Tuesday, 12 February 2013

Idiot Killed By Coca~Cola

Today on the BBC there is a report of how one woman who reportedly drank up to ten litres of coca-cola a day has died of a cardiac arrest.
What a pity. 


The woman in New Zealand drank so much of this shit that she had had most of her teeth extracted over the years and it had even prevented her unborn children from forming enamel on their teeth too. According to the article ten litres a day is twice the recommended daily caffeine intake and eleven times the recommended daily sugar intake. 

I guess in a way we ought to feel sorry for her as this was clearly some form of addiction or obsessive behaviour and friends and family should have taken it upon themselves to get her treated for this. As per usual there are some who are trying to blame Coca~Cola for the death, but I think it goes beyond reasonable risk assessments to assume someone out there would consume that kind of amount.

The media however should currently be doing their utmost to highlight the possible dangers of aspartame which is present in a wide range of products. It is an artificial sweetener used in diet-drinks and in most products labelled as 'no added sugar'. This would include products such as 'Diet Coke', Coke Zero, Pepsi Max, and many other products you possibly wouldn't consider such as Robinson's cordial juice which of course is generally the drink of choice by millions of children in the UK.



http://www.ncbi.nlm.nih.gov/pubmed/8939194 (An old scientific report calling for review in '96.)

Despite these concerns, the European Food Safety Authority and the Food and Drugs Administration in the USA have both approved this substance fit for human consumption once again. The EU came to an agreement on this just last year in fact:

"On 8 January 2013, EFSA launched a public consultation on its draft scientific opinion on the safety of the artificial sweetener aspartame. To carry out this full risk assessment, EFSA has undertaken an in-depth review of peer-reviewed scientific and other literature on aspartame and its breakdown products, including new human studies. All stakeholders and interested parties are invited to comment on the draft opinion through the online public consultation by 15 February 2013. As part of this important process and the Authority’s commitment to actively engaging with stakeholders, EFSA will also hold a meeting with interested parties to discuss its draft opinion and the feedback received from the online public consultation. EFSA prepared a set of Frequently Asked Questions to help explain some of the key scientific concepts and initial conclusions of the draft opinion."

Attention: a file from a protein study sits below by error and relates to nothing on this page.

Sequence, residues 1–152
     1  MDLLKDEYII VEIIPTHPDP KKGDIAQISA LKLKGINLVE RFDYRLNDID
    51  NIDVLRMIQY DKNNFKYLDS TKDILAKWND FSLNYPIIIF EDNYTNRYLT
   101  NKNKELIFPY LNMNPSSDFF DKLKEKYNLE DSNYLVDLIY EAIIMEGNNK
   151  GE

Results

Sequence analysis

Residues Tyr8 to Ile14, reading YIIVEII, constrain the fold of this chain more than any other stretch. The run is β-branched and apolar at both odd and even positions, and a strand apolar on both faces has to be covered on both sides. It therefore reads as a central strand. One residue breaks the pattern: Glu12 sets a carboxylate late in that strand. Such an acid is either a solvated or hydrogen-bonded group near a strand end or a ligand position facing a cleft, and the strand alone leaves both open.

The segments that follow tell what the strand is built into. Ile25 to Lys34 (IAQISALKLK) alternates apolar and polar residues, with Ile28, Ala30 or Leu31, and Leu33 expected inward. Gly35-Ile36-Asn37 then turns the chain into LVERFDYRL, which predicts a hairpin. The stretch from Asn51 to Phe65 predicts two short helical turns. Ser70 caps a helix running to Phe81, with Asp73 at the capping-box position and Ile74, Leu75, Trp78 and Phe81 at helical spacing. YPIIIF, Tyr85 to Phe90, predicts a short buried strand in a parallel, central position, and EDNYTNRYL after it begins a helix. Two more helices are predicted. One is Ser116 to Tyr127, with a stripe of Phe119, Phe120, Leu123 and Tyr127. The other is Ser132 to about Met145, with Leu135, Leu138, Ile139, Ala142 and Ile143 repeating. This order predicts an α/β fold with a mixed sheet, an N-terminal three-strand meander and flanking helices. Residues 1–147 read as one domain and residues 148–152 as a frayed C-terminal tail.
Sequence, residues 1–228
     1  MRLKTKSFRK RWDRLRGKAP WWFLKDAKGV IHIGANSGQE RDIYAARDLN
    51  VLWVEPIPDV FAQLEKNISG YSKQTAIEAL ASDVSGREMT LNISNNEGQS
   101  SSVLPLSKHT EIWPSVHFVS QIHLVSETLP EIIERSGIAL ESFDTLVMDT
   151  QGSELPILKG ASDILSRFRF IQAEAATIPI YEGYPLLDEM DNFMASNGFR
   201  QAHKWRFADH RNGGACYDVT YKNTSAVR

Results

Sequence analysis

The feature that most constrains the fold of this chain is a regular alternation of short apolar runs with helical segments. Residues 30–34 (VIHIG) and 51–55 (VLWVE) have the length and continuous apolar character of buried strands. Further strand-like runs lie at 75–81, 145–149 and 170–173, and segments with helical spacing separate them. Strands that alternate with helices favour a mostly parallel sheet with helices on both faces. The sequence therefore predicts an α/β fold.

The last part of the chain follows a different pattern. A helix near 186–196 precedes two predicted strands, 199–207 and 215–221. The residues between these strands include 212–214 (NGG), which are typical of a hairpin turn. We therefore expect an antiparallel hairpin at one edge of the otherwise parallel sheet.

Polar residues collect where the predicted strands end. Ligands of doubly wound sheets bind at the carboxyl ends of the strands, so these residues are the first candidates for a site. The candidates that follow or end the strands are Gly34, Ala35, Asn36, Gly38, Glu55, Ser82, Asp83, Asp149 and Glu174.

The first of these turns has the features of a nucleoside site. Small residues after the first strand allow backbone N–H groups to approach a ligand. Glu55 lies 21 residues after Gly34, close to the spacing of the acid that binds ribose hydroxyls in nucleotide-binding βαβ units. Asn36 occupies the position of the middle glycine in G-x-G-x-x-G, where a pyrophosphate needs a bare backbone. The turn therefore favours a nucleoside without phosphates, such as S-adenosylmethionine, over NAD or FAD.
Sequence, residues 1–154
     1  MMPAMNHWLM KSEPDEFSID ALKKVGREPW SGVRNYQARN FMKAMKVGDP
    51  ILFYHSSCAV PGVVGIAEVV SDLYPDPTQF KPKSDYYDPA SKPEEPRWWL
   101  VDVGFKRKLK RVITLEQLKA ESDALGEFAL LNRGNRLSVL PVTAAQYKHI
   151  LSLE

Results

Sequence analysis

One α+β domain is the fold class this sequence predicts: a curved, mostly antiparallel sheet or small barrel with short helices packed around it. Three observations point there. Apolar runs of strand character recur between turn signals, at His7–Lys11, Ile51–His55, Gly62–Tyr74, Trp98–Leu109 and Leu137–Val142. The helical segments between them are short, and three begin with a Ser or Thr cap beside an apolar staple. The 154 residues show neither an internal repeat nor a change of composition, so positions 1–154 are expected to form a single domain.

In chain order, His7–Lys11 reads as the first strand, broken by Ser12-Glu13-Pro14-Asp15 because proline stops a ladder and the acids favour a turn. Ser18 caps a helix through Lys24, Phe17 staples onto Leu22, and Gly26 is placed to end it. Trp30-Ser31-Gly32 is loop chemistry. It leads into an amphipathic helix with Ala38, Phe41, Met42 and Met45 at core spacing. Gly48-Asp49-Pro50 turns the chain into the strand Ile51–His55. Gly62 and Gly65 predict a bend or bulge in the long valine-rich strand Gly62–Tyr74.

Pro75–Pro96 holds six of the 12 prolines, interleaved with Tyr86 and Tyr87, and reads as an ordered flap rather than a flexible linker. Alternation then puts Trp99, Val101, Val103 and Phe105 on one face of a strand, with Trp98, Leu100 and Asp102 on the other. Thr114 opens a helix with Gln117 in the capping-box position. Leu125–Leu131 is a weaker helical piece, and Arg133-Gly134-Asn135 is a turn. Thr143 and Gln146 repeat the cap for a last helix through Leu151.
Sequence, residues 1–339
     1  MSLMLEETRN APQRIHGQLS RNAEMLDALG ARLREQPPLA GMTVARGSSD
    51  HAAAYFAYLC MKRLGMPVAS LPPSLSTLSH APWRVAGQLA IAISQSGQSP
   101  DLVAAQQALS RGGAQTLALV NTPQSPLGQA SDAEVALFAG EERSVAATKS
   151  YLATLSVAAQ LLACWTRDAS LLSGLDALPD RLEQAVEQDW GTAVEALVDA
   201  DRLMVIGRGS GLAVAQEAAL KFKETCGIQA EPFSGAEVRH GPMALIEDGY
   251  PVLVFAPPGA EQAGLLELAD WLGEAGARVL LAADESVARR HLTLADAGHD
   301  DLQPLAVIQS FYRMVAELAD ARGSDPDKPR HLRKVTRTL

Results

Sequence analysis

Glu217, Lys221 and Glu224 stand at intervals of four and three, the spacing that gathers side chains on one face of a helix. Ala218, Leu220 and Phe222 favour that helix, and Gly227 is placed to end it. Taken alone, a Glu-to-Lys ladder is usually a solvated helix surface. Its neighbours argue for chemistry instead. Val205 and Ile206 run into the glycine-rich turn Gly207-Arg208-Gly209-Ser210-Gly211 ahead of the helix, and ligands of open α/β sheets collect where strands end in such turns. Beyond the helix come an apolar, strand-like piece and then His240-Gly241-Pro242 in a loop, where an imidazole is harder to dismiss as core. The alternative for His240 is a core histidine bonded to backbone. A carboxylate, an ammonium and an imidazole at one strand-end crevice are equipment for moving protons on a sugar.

EFSA Website
Well as great as this sounds there is still some cause for concern with regards to this little compound. The biggest concern being the links to Monsanto. 
As Monsanto deserves an article in its own right, check the wiki page for a general idea:
http://en.wikipedia.org/wiki/Monsanto (Pay particular attention to the 'political contributions and lobbying' section.)
Monsanto sold the Aspartame rights to Merisant in 2000, who have now sold to a group which now includes PepsiCo. But Merisant was brought by shareholders who already had stakes in Monsanto before, so it can hardly be said that the financial interests behind Monsanto are not still with the new owners. 
Long story short, Monsanto and other GM and artificial food producers are getting into bed with politicians and getting campainers to support untested food to the public through Governments. Bribery and officials 'looking the other way' are rife.

Here is just one such example which was reported. 

The other concern to do with soft-drinks are energy drinks of which Monster Energy has recently come under scrutiny with after some deaths had some links with the consumption with their drinks. 


The owner of the company  Rodney Sacks claimed the people who were trying to claim for damages were 'scientifically ignorant' for suggesting these deaths had anything to do with his beverages. Well no mate, this is why departments are currently reviewing your product to see if scientifically these claims have any basis.

In any case would you trust ingredients like these: l-carnitine, sorbic acid, benzoic acid, niacinamide, glucuronolactone, inositol, , pyridoxine, hydrochloride, sucralose, riboflavin, maltodextrin, cyanocobalamin

If it needed a laboratory to create its probably not the best thing to be knocking back with your J├Ąger.


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